Defensive equipment such as the long-rage acoustical device (LRAD) -- which sells for over $20,000 -- emits directionally-focused and painfully-loud sound as one way to deter approach by potential attackers has since proven ineffective.
Altogether, the total economic costs of Somali piracy likely run into the billions of dollars, with some estimates as high as $16 billion per year.
Maritime piracy, like any other criminal activity, can be reduced by diversion, deterrence, or incapacitation. These options themselves depend on changing potential pirates' perceptions of risks, rewards, and opportunities. Diversion operates by providing alternative opportunities with acceptable rewards and less risk than the offense.
Deterrence increases the perceived risk of the offense. Incapacitation removes the opportunity entirely by restricting the actor's ability to commit the offense by, for example, putting him in jail.
Diversion is a nonstarter. Halliburton writes, "Somalia's ruined economy presents few compelling alternatives to piracy. Most of the country's economy is based on agriculture and remittances from abroad, and its per-capita GDP is estimated at $600 -- the fifth-lowest in the world. In contrast, one conservative analysis estimates an average individual pirate could expect to earn $15,000 for a year's work. Lucky participants in a multi-million dollar ransom stand to earn far more."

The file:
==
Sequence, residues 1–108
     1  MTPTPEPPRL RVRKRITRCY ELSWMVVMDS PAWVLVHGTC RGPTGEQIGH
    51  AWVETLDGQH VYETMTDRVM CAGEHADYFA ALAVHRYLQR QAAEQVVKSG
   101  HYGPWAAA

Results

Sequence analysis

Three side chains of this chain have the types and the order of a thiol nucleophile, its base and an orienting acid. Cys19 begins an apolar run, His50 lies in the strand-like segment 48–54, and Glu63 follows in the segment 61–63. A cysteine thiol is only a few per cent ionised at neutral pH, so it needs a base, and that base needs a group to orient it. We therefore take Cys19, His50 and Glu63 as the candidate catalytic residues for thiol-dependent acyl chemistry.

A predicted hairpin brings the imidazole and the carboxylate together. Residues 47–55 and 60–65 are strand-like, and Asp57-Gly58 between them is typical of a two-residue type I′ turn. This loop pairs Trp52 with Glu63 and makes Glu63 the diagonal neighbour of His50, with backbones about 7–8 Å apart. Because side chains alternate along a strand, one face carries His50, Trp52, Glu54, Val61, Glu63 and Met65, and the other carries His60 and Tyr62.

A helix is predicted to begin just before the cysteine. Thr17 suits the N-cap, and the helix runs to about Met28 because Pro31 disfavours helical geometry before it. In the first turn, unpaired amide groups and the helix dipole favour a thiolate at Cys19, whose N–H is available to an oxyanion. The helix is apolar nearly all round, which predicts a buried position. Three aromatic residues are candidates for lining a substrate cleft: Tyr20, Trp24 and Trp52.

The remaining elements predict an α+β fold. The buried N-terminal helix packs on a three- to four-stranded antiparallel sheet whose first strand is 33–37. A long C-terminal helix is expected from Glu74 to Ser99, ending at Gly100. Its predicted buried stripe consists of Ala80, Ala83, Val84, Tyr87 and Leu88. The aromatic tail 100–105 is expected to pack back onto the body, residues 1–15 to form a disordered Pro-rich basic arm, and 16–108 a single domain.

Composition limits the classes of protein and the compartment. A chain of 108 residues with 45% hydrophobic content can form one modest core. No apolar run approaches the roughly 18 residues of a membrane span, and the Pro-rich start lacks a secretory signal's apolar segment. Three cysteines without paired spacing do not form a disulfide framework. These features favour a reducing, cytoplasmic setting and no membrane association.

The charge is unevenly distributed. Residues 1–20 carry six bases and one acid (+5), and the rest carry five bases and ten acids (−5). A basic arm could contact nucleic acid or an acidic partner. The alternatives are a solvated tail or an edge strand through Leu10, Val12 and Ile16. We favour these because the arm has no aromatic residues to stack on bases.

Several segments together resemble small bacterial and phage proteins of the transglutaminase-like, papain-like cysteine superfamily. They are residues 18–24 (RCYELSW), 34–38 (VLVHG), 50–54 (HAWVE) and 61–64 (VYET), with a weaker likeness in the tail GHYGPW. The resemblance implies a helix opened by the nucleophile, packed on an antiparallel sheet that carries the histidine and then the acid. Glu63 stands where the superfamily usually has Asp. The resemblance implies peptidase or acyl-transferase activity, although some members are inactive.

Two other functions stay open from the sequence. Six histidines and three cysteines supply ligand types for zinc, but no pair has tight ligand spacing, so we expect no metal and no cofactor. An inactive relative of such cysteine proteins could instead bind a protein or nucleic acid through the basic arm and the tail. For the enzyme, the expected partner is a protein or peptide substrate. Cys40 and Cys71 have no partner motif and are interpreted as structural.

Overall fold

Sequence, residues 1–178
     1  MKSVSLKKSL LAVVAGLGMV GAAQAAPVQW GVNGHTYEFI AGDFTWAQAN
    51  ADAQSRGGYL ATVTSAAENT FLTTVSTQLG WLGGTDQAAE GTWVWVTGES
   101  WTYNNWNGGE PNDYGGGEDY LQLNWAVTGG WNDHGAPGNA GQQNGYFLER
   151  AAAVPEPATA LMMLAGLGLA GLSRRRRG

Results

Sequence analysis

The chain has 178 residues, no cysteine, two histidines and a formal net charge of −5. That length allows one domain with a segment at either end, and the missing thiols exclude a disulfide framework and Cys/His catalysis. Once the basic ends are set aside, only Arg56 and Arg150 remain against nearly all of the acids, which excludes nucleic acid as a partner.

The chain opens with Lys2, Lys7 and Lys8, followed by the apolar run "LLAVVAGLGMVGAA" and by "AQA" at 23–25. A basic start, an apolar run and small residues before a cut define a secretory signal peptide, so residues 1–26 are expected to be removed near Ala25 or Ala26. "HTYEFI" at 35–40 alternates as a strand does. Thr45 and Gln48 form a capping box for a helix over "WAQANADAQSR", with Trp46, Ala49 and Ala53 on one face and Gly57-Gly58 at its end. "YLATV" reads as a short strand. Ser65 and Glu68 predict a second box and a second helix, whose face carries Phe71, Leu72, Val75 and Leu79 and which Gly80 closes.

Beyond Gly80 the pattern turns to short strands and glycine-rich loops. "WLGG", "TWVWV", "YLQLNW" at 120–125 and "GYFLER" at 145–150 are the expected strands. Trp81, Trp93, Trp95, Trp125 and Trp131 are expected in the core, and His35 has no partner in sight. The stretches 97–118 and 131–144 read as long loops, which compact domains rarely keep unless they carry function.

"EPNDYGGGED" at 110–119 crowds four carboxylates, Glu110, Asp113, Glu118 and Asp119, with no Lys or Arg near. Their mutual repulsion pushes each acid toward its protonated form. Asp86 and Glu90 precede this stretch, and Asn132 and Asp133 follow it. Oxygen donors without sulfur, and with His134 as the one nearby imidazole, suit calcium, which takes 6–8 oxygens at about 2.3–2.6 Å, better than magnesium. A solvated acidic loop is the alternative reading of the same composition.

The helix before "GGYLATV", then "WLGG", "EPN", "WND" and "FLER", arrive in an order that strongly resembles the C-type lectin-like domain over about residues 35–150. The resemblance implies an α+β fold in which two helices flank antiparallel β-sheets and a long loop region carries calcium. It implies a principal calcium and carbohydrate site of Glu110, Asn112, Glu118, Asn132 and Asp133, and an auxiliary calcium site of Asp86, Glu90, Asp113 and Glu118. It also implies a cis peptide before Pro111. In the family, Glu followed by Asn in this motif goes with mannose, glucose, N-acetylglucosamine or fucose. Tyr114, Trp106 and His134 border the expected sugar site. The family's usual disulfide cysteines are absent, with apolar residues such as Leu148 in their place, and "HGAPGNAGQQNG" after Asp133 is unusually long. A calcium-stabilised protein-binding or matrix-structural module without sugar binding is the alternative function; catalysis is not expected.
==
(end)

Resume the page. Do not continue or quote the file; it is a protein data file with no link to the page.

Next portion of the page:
Deterrence through military response, while making pirates work more costly, ultimately does not work. International military efforts off the coast of Somalia, such as the European Union's high-profile combined naval operation, EU NAVFOR, focus on deterring piracy through a strong military presence protecting designated shipping lanes. Despite the impressive array of international cooperation and naval firepower, pirate attacks in the region have simply shifted outward into the Indian Ocean and beyond the easy reach of international patrols. Deterrence is further hampered by the frequent failure to prosecute those pirates who are captured by naval forces -- a policy derided as "catch and release."
As for incapacitation, as discussed above, the pattern of "catch-and-release" seriously impairs naval forces' ability to incapacitate pirates by putting them on trial and into prison. The alternative is to simply kill them instead. Before the birth of modern human-rights law, this had been the standard way of dealing with pirates in much of the world, and many now advocate its return.
While less costly than the current defensive policy, Halliburton does not find it a viable long term solution: